While the tops were drying, I moved on to paint.  I used a rich deep wheat color paint that pulled out the burlap color and enriched the black colors.  I placed on two coats of quick dry Bear Paint which I had purchased for a previous project from Home Depot.  As the sides dried, I painted the all the trim in an Rustoleum oil based black and left to dry over night.  The colors the next day were so rich and vibrant the tables looked brand new.  I sprayed the hardware with Rustoleum  hammered bronze spray paint, and left to cure over night with the trunks.

photo (10)

The following day, I mixed the first resin kit.  I slowly poured the resin to cover the burlap (it’s normal that the burlap will poke through the first coat).  I let the resin set up over night, the sanded with a 120 grit paper the following day. They will look scratchy, but you want to get all the pieces of the burlap smooth, try not to break the resin bond.  I cleaned with a damp cloth, let dry and repeated the resin process (not letting it drip off the top).  This sat over night again.

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The last day, I placed the hardware back onto the old trunk tables, and placed into the downstairs family room.  My husband asked where we got the new tables.  He was shocked to find out they were the $25 find he begged me to walk away from 🙂  For about a full $75.00 investment, I saved over $300 for a little elbow grease.

securedownload (2) photo (11) securedownload (3)

And did I mention the extra storage when you lift the top?  You can’t beat extra storage 😉  – Always go with your gut – some old piece, can be new again with a little TLC from the right person.  Here’s to you all finding  your next great treasure!

-LC

The Pedestal Table and the Plan!

The Pedestal Table and the plan

I am so excited to share The Pedestal Table and the Plan post!.  A few weeks back I stumbled on the site with plans for a farmhouse pedestal table, also called a harvest table.  I fell totally in love with the post of this farmhouse pedestal table, so I decided to give it a try.  This was the first time I had built anything since high school shop class but that did not stop me! I grabbed the plan, forced the hubby (who’s a great sport I might add), into the car and headed off to Home Depot plans in hand.

I was so excited, I felt like I was running through the wood isle of Home Depot like it was a meadow on a spring day.   If anyone has ever wanted a Farmhouse Pedestal table, they know how expensive they are, so the feelings are warranted.  Curt, being a skeptic of the price tag, shook his head, and waited for the total with his eyes shut.    But the harvest table plan did not let me down! No kidding – I would get my new table and at an affordable price – The plan was spot on!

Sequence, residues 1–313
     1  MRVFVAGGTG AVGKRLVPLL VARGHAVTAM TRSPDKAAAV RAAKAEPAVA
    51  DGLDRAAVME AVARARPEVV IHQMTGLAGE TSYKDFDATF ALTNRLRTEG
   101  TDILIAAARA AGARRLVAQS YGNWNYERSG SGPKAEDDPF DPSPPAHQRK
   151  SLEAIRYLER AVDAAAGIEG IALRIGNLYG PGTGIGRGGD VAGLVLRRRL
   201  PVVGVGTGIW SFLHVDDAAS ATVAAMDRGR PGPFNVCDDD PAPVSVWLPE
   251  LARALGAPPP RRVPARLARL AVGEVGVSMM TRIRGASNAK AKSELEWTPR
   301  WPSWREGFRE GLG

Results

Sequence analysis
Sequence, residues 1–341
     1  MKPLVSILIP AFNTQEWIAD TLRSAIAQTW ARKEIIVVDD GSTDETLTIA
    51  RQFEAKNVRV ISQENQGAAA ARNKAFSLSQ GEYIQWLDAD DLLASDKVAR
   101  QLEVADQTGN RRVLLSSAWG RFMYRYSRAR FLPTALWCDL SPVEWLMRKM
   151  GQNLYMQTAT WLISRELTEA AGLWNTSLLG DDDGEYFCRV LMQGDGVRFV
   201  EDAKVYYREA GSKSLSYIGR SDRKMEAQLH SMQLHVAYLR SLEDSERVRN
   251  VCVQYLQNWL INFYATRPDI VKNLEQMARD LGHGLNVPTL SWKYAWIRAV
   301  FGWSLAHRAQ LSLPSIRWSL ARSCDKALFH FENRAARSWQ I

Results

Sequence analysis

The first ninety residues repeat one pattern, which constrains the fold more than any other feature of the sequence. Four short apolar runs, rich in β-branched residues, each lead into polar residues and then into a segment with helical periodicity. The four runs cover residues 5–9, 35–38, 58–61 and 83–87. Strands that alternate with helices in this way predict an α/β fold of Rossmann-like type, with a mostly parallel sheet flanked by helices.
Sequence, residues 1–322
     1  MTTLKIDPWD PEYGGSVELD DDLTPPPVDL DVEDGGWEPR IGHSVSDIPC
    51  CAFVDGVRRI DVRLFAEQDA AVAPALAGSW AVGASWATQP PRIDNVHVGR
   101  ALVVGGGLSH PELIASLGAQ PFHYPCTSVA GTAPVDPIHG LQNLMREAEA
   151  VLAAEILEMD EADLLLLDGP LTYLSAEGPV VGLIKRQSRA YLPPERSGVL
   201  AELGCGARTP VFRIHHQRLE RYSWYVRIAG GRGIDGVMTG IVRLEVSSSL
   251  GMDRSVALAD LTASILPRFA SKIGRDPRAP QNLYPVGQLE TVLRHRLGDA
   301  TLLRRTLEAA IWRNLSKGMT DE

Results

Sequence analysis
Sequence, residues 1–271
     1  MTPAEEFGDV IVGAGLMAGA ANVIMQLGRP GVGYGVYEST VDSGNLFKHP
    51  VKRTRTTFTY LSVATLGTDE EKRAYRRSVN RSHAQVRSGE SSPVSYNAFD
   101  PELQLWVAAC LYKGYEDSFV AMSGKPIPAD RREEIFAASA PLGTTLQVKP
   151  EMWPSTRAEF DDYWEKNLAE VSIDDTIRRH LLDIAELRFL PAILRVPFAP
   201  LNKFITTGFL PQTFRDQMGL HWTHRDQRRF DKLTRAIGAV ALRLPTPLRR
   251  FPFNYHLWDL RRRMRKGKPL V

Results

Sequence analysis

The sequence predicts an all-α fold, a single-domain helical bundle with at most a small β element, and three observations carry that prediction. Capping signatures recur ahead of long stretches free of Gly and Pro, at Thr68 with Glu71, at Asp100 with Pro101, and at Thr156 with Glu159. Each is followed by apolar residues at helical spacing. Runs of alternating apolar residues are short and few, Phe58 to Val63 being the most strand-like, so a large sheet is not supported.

Here’s what we did:

1.  We gathered all the wood, loaded our vehicle and headed for the garage.  Once home, we followed the plans carefully, we even used a planer on every piece of wood, now that’s dedication!

Farmhouse Pedestal Table  - Before Farmhouse Pedestal Table - Planing the lumber

2.  We glued legs, added the decorative pieces, and cut the top and bottoms to complete the process just like the plan showed.

Farmhouse Pedestal Table - Preparing the legs Farmhouse Pedestal Table - Cutting the legs Farmhouse Pedestal Table - Assemble the legs Farmhouse Pedestal Table - The three legs

3.  Next we constructed the farmhouse pedestal table top with the Kreg Jig joining each board together with glue, screws, and nails and using a bunch of clamps to help us hold the top together.  Then we added the legs to the table top.

Farmhouse Pedestal Table - Kreg joinery Farmhouse Pedestal Table - Joining the table Farmhouse Pedestal Table - Aligning the pedestal to the table Farmhouse Pedestal Table - Aligning the pedestal to the table

4.  Once the Farmhouse Pedestal Table was complete, we sealed the piece so the wood would not take in all the stain at once,  (remembering from shop class that stain on pine can sometimes look too blotchy we sealed it first).  Then we stained each section with Aged Oak Stain by Minwax.  Once dried, we added a protective coating.

Farmhouse Pedestal Table - Stained and protected

5.  We let the farmhouse pedestal table dry over night, and set up the dining room.  We could not believe how beautiful our handy work was as we stood admiring the table for long periods of time at all angles of the room.  To match our style of the villa, we added burlap chairs with nail head that we purchased at Home Decorators.  It was a splurge, but after all a table is a necessity!  Looking forward to building bunches of family memories with this table.

Farmhouse Pedestal Table - The finished DIY Project

 

This was a fun project will take a few days to complete, and is intermediate in skill level.

Happy Building and please feel free to leave comments or ask questions.  Thanks for stopping by Hello I Live Here!

-Linda C